The Symbols In Your package.json File

3 minute read

I have often been confused by the symbols in the package.json file. If you are new to node.js, and you create a new app with create-react-app or some other framework, it generates a package.json file for you. I have always felt that most of the file is very clear, even if you are a newbie. “Name,” “version,” “dependencies,” and “scripts,” are all very clear descriptors. However, there are often symbols thrown around in the package dependencies, and it is not always clear what they mean.

Symbols relating to package version

Most of these will relate to the version of a given dependency package. Note that a version number is split into three values. These are called ‘major,’ ‘minor,’ and ‘patch.’ For example, if a package is at version 3.4.5, the major is 3, the minor is 4, and the patch is 5. The last number will change most frequently (for every tiny change), while the first number should only be changed if there is a serious code overhaul.


If there is no operator in front of the version number, this is assumed. However, you can still include = if you like. =3.2.1 and 3.2.1 will both expect exactly version 3.2.1.

less than/greater than

You may see <=, >, etc, but these are rarely used. These follow basic logic. >=3.2.1 would match 3.2.3, 3.4.7, and also 4.2.7. These are problematic, because they are too broad. Generally, you want to limit yourself to certain versions, to maintain operability. This takes us to the more common options:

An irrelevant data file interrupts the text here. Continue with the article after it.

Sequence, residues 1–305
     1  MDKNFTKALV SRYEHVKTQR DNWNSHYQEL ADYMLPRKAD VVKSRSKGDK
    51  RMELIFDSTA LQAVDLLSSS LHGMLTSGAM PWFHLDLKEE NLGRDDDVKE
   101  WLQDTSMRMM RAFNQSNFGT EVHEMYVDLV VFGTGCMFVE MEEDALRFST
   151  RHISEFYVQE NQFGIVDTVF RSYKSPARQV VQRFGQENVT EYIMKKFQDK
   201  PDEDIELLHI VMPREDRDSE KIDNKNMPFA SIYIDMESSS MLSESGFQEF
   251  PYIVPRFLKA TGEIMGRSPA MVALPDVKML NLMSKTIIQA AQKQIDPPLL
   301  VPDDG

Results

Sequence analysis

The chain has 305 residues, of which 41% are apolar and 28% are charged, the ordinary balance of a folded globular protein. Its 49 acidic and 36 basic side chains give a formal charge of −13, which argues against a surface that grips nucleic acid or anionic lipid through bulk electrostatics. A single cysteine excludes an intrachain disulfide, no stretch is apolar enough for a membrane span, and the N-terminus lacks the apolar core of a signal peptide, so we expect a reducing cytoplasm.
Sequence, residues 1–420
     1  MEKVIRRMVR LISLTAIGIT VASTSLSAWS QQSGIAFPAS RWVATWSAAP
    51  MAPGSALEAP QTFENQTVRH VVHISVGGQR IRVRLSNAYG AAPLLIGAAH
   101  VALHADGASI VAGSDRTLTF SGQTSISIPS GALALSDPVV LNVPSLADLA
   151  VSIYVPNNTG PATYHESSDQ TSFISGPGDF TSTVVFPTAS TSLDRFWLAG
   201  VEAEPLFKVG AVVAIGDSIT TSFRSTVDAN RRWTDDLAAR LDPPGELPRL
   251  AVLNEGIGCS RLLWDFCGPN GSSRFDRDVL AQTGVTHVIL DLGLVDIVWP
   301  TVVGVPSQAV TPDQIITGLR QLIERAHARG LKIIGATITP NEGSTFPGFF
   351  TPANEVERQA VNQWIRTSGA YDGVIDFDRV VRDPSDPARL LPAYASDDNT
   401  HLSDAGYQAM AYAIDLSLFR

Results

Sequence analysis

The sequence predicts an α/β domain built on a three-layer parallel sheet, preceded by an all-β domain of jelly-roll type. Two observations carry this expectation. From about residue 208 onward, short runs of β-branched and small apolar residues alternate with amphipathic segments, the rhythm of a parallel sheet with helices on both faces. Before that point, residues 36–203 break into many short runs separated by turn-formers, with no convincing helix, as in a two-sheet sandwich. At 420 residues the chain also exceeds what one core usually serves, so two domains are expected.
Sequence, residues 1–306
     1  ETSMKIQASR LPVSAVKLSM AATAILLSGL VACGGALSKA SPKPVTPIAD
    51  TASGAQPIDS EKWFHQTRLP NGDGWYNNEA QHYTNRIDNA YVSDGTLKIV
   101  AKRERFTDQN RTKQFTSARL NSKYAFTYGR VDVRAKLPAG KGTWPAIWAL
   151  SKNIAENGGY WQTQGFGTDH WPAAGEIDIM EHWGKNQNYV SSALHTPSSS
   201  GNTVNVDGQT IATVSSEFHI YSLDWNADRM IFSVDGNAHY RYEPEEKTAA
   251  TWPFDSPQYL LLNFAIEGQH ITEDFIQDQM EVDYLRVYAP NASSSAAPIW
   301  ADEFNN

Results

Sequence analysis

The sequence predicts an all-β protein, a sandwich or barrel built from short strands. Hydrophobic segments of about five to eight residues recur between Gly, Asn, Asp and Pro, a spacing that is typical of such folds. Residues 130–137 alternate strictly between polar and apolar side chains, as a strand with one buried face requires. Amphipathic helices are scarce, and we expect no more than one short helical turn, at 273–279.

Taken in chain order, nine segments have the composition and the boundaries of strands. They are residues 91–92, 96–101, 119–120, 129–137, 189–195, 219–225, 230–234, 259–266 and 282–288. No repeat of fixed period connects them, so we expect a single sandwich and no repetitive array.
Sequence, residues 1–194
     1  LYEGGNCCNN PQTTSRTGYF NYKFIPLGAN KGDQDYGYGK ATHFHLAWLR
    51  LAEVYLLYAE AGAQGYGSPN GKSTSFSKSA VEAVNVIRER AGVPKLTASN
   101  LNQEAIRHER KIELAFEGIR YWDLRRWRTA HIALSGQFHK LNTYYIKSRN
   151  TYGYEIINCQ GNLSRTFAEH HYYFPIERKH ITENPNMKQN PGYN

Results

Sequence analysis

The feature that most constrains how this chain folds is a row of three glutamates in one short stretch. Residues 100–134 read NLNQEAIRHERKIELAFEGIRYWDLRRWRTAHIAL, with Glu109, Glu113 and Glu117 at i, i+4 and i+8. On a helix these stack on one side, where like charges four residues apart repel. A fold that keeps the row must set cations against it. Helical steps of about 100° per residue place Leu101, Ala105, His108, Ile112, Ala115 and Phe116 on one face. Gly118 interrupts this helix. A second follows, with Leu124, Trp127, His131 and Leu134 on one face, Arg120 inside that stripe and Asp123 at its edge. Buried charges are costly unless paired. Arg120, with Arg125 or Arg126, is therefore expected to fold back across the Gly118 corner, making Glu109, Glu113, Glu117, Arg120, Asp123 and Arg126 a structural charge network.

You can use - between two versions, that you specify. This is useful if you need to maintain some legacy feature that you know will break at a specific version. For example, 1.3.2 - 2.4.1. This will include both endpoints.

X marks the spot

Any of X, x, or * may be used to “stand in” for one of the numeric values. I will take the example straight from the semver documentation:

  • * := >=0.0.0 (Any version satisfies)
  • 1.x := >=1.0.0 <2.0.0 (Matching major version)
  • 1.2.x := >=1.2.0 <1.3.0 (Matching major and minor versions)


The ~ means “approximate version.” This allows for more recent patches, but does not accept any packages with a different minor version. For example, ~2.3.3 will allow values between 2.3.3 and 2.4, not including 2.4. Note that this will allow differences in the minor version is none is specified. ~2 will accept any version that starts with 2.


The ^ means “compatible with version,” and is more broad than the tilde. It only refuses changes to the major version. For example, ^3.4.1 will allow any version between that value and 4.0.0, not including version 4. Note that this behaves very differently for version numbers that start with zero, so be careful.

There is also a handy versioning calculator tool.

Relating to package scope - the “at” sign

Some npm packages have a scope. Scopes are preceded by the “at” sign, for example @testing-library/react. The scope is “testing-library”, the package name is “react.” Only the organization that owns a scope can add packages to it, so you can be sure that you are using official code. A scoped package cannot be fetched just by using its name. In this example, this differentiates it from the official facebook react framework, while still having a clear name. In my package.json, I have:

"@testing-library/react": "^9.3.2",
"react": "^16.13.1",

When you import them in a file, you will still import them with their full name, eg import { render } from '@testing-library/react'. Interestingly enough, they are also put in a subfolder in node_modules/ depending on the scope.